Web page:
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Philosophy in a time of tribulation – Part 3

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Crisis: I decide or I am?

It is often said that a crisis is an intensified form of obtaining personal, or rather collective, consciousness.  It can be compared to a period of intense upheaval for the personality, an expropriation of the ego.

In this context we are reminded of the etymological meaning of the word.  The word ‘crisis’ is derived from the Greek word ‘krino’, which means ‘I decided’, or ‘it is decided for me’.  At first glance, it appears that the ‘I’ does not in fact have a lot of choice in such dramatic and confusing times.  On the contrary, is there any freedom or definitive choices the ‘I’ can make in times of crisis?

Indeed, a crisis demands the utmost of a seeker on the path to truth.  It will put the greatest of tensions on the individuals’ inner balance.  Just consider for instance, the impact a pandemic can have on the economic and financial security for ourselves and our loved ones, when we have to weather the storm of potential job losses or business failure. 

In recent history there have been many crisis situations that are comparable in intensity to the present world pandemic situation.  The Spanish flu, the financial crisis, and climate change, are a few that come to mind.  Often we have seen that the positive outcomes that could potentially have materialised from such crisis’, have failed to appear because the ‘I’ remained in charge, and therefore nothing changed, and the situation could be said to have remained ‘corrupt’.  An ancient cheeky rhyme comes to mind to reflect this:

They drank a glass, they peed, and everything remained as it was.

 

According to the Bulgarian philosopher, Peter Deunov (1864-1944), as difficult as it may be, from a spiritual perspective, a crisis places the human being at a turning point.  It can be said that a crisis opens the door for a new opportunity, a new direction. 

Up until that point in time, because of the dominance of the ‘I’, the soul could not blossom, but remained enclosed like a bud.  However, in the new period whose door is being opened by the influence of a crisis, the ‘I’ is being pushed aside, and the soul is given the opportunity to awaken from sleep.  Deunov calls this

the opening and blossoming of the human soul,

one of the greatest events in our universe.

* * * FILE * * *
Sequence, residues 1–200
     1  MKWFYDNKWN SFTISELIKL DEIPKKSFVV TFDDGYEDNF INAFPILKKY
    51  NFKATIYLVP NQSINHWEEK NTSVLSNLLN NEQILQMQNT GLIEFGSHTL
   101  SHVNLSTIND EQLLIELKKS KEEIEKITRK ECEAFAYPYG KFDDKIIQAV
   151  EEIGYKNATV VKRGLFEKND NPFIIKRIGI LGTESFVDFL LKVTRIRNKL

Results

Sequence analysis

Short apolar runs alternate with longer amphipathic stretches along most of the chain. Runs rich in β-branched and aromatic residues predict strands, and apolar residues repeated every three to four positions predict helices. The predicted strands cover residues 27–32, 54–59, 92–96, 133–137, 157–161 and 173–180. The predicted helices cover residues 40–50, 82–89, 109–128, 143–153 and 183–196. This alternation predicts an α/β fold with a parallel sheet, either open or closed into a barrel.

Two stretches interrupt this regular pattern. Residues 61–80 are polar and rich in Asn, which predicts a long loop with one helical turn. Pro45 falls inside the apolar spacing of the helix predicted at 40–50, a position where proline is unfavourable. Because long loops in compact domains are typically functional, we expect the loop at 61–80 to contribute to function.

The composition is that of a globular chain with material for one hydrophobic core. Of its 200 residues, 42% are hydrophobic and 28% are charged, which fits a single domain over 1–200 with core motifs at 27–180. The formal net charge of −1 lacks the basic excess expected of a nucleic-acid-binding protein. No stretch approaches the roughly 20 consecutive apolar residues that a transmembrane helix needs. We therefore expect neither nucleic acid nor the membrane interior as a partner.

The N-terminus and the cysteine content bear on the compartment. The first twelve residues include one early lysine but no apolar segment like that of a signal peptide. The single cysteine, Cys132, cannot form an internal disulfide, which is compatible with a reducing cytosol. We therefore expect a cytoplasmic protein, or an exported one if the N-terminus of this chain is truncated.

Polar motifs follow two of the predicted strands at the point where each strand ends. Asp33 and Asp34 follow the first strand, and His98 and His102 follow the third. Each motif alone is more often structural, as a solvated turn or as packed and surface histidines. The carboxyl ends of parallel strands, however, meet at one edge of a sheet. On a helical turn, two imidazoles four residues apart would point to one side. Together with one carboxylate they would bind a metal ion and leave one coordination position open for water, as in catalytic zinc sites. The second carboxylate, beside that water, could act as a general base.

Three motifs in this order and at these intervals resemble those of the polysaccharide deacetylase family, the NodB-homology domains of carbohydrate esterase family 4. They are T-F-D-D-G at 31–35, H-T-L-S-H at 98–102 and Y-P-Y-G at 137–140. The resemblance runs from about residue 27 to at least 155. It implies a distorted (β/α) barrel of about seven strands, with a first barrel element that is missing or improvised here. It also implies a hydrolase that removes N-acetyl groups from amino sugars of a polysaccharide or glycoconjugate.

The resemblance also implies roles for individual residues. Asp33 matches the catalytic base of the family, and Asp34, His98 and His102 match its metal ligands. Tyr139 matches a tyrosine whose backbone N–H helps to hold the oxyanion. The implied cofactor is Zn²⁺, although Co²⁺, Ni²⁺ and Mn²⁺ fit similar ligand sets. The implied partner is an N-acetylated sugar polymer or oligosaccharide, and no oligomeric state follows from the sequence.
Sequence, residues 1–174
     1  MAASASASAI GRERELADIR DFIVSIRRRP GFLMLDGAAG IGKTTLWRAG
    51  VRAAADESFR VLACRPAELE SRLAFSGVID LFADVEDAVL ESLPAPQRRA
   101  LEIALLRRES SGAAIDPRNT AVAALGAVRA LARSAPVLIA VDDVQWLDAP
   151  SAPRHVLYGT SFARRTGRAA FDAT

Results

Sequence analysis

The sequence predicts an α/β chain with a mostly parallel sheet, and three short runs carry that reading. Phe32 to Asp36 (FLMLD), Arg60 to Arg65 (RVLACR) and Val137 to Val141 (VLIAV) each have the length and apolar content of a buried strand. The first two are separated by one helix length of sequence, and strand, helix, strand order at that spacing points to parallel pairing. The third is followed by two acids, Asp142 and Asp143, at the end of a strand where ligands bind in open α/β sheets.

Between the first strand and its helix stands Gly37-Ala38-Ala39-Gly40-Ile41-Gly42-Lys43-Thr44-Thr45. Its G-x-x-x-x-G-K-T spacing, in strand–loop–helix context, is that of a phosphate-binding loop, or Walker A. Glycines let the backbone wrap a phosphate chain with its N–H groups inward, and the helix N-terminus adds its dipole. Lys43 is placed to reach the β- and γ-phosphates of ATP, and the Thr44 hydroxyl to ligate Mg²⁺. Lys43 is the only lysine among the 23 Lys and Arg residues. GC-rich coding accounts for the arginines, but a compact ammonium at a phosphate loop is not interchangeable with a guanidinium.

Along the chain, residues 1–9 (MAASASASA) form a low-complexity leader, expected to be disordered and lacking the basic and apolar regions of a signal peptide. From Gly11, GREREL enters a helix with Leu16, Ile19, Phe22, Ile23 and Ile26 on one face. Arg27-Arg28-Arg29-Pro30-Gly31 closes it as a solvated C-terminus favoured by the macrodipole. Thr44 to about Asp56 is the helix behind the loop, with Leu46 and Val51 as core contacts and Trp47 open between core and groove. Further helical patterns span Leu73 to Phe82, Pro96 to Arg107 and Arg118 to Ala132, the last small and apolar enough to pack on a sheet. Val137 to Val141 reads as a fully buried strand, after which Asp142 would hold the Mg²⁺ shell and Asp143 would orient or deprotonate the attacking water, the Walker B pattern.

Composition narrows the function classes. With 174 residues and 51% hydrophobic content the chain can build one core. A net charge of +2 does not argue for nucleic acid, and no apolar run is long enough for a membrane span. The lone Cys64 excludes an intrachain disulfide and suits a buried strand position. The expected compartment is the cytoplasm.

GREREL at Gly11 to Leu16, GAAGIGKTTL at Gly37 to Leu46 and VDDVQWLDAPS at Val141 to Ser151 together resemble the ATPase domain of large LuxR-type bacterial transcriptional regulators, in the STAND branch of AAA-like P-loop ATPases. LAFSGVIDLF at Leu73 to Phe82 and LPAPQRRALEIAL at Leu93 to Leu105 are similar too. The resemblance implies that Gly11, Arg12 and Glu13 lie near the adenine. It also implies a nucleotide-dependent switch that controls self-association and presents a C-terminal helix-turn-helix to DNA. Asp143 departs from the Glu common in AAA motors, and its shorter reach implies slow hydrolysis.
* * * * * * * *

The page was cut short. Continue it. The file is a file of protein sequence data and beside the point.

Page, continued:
Peter Deunov also reminds us of the origin of the word ‘I’.  He derived this conclusion from his studies of the ‘Ostrogoths’ who lived in what is now part of Bulgaria, and particularly their well know bishop Wulfila (311-383), who compiled the first Bible translation from the old Greek to Goth.  This Gothic Bible is the only surviving primal document that gives insight into the origin of the Germanic languages in Europe. In his translation, Wulfila concluded that the Goth word ‘Ik’ came from the first letters of Iesu Krist (Jesus Christ).  From this origin, the German ‘Ich’, the English ‘I’, and the Dutch ‘Ik’ all evolved.  Perhaps it is also no coincidence that in both English and Danish, ‘I’ is still written with a capital.

He who allows the Power of Christ to speak within him, and who chooses to follow that voice, will walk a different path to one who is blindly driven by their self maintaining ego. Such a person does not become obstinate in the face of their personal survival being challenged, but rather through acceptance and insight, radiates a calm, harmonious, and unifying force of Love. 

Iesu Krist does not bring the way of ‘I decide my future’ into this world of tribulation, but the power of self-surrender, of ‘I-lessness’.  It is a force that is absolutely not of this world, and it builds a bridge between the stone hard ‘I centrality’, and the blossoming Divine Soul within man.

This Power of Christ is beautifully expressed in the Gospel of John:

I am the bread of life (6:35)

I am the Light of the world (8:12)

I am the gate for the sheep (10:7)

I am the good shepherd (10:11)

I am the resurrection and the life (11:25)

I am the way, the truth, and the life (14:6)

I am the true vine (15:1)

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